The trial of Assange, Day 2: Guantanamo and a warning

The extradition hearings of Julian Assange continued on Tuesday with British lawyer Clive Stafford Smith and journalism professor Mark Feldstein testifying. When Assange termed a prosecution argument nonsense, the judge gave him a warning

September 08, 2020 by Peoples Dispatch
Kristinn Hrafnsson gives a midday report outside the courthouse on Day 2 of Assange's trial. Photo: Screenshot

The trial portion of the extradition hearings of WikiLeaks founder Julian Assange continued for the second day on Tuesday, September 8. The day saw two experts testifying on behalf of the defense – Clive Stafford Smith, a British lawyer, and Mark Feldstein, a media expert. The day also saw the judge issue a warning to Julian Assange when he termed an argument by the prosecution as being “nonsense.”

Clive Stafford Smith is the founder of Reprieve, a human rights organization which has worked with detainees at the infamous US detention facility in Guantanamo Bay. His testimony had to do primarily with the role played by the Guantanamo Bay Files which were provided to WikiLeaks by Chelsea Manning. WikiLeaks released these files in 2011 while media organizations such as The New York Times and the Guardian published them independently. On Tuesday, Clive Stafford Smith explained the importance of these documents, as well as information from Wikileaks’ US Embassy logs which exposed details on drone strikes by the US in Pakistan and was used in litigation in the country.

Stafford Smith specifically mentioned the case of Ahmed Rabbani, a Pakistani taxi driver who remains in the Guantanamo Bay detention facility although no charges have been filed against him. The information in the files released by WikiLeaks was vital in Rabbani’s appeal to the International Criminal Court. The prosecution tried to state that Assange was not being tried for those documents but only for the ones which named intelligence officials. Hence, the testimony of Stafford Smith was not relevant, the prosecution stated. In response, Stafford Smith pointed out that during a potential trial in the US, all these documents could be used against Assange.

However, despite the clarification, the prosecution kept pushing the argument which led Julian Assange to snap at one point, terming it nonsensical. “Apparently my role is to sit here and legitimate what is illegitimate by proxy,” Assange said.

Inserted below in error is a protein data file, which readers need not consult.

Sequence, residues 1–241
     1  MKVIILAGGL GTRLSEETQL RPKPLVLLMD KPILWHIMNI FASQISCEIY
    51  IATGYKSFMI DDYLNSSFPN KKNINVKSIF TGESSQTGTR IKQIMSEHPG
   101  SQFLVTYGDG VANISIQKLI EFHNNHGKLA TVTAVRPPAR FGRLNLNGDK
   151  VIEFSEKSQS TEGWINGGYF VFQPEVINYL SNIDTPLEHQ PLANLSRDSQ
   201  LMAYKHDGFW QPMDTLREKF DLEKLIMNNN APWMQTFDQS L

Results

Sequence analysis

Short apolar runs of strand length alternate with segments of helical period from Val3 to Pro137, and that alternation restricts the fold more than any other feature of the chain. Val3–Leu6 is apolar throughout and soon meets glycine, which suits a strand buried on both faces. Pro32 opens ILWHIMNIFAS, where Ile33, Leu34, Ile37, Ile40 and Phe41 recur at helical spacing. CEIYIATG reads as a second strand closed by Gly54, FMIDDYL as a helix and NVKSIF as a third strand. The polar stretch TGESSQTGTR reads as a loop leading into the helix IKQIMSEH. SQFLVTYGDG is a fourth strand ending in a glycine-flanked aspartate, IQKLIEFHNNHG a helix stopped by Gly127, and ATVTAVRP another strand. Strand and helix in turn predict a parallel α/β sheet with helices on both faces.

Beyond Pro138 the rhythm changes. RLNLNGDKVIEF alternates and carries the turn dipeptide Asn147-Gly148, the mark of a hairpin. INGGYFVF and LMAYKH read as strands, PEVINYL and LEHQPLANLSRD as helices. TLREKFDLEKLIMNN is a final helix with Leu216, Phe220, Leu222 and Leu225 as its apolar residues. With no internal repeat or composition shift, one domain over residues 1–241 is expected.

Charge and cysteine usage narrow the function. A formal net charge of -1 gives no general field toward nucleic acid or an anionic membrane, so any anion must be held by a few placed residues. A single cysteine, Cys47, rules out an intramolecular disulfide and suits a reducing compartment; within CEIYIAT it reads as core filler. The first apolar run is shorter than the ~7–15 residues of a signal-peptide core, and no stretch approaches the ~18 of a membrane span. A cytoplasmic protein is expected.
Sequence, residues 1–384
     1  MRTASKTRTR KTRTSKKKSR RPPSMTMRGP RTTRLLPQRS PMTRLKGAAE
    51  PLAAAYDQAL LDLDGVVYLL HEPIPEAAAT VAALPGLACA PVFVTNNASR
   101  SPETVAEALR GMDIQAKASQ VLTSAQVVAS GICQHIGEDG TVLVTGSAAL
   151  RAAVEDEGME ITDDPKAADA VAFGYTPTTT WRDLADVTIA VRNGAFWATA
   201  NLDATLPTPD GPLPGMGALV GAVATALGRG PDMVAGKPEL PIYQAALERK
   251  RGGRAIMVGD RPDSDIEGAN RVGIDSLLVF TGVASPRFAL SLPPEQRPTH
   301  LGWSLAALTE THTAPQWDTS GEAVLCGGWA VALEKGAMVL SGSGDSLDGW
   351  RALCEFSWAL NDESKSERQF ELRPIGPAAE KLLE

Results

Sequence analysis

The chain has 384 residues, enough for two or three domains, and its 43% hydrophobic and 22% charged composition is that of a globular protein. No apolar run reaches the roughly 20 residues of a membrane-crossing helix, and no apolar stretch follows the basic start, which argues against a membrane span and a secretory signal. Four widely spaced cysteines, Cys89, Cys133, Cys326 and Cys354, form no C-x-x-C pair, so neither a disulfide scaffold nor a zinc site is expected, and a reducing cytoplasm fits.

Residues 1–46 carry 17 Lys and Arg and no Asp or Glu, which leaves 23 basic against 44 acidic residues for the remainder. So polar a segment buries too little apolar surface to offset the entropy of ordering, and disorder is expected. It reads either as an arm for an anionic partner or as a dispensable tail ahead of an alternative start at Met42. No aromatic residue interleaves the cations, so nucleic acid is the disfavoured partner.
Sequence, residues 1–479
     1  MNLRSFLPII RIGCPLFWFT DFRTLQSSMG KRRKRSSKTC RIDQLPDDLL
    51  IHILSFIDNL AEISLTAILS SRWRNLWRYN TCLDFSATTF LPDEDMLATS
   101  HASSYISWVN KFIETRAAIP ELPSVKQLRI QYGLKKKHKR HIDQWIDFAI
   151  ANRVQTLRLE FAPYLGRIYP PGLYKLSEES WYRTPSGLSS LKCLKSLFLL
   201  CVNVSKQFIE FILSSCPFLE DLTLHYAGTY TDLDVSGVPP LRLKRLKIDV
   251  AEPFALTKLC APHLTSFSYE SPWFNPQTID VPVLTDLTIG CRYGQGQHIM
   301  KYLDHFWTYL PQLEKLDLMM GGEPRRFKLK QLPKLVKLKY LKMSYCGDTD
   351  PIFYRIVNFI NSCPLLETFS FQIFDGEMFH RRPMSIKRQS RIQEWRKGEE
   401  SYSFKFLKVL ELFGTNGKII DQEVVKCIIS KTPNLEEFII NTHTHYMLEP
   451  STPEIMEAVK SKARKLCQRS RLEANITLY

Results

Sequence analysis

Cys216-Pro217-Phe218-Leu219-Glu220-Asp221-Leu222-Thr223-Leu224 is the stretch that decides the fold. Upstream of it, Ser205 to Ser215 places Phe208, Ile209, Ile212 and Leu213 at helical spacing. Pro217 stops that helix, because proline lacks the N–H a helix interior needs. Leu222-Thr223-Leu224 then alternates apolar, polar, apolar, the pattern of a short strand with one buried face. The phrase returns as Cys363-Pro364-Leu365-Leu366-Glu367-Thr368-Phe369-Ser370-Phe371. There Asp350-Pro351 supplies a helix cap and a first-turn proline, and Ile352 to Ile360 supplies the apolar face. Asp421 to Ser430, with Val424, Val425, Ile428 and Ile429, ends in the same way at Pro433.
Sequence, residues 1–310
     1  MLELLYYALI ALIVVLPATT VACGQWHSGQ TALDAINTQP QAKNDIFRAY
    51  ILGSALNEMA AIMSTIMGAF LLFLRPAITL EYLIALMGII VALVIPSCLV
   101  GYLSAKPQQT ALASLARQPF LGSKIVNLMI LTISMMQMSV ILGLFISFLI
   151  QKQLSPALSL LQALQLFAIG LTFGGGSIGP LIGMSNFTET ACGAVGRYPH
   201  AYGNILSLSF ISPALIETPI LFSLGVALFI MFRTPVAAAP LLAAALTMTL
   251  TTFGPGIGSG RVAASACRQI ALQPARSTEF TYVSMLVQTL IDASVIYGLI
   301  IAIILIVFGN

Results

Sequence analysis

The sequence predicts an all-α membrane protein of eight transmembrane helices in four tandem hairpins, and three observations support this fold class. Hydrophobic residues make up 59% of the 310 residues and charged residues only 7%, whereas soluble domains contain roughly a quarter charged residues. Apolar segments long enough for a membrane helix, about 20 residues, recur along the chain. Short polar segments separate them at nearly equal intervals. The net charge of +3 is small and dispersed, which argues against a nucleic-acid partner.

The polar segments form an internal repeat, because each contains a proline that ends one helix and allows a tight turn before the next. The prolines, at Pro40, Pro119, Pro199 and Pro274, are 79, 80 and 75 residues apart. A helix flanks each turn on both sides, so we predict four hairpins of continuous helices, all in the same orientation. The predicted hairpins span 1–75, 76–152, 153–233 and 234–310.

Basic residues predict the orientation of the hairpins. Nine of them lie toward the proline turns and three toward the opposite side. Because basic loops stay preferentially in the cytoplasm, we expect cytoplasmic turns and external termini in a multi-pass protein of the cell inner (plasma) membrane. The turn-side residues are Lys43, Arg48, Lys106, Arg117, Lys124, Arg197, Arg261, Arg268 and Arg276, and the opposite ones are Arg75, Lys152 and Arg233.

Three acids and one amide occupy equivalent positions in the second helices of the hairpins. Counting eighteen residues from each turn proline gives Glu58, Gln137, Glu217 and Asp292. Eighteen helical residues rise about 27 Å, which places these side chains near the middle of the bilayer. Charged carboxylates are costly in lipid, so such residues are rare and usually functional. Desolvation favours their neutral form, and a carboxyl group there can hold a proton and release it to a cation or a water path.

The judge reprimanded Assange and gave him a warning.

“I understand of course you will hear things most likely many things that you do not like and you would like to intervene but it is not your role.

“Your remaining in court is something the court would wish for. But the court could proceed without you.”

The day also saw the continuation of the testimony of Mark Feldstein, a journalism professor at the University of Maryland. The prosecution kept trying to undermine his credibility as a witness by claiming he is biased. Towards the end, when the defense asked if “any act at all that encourages, asks, or assists government official[s] in disclosure of classified information is criminal and prosecutable,” he said not at all.

The day also saw people showing support for Assange in various ways. In an interview with Newclick, iconic musician Roger Waters declared that he too had shown the Collateral Murder video and so was equally guilty. “If Julian is guilty, so am I,” he said. He said Julian is “the contemporary equivalent of the head on a pike as a warning to others.”

Julian Assange is facing 18 charges, 17 of which are under the Espionage Act. If he is extradited and convicted in a trial in the US, he could face up to 175 years in prison. Assange was arrested in April 2019 from the Ecuadorian embassy after the country withdrew its asylum it had granted in 2012. His arrest and continued persecution has been condemned by a host of human rights and media organizations, as well as people across the world.

Courtesy reports from Kevin Gosztola and the Courage Foundation

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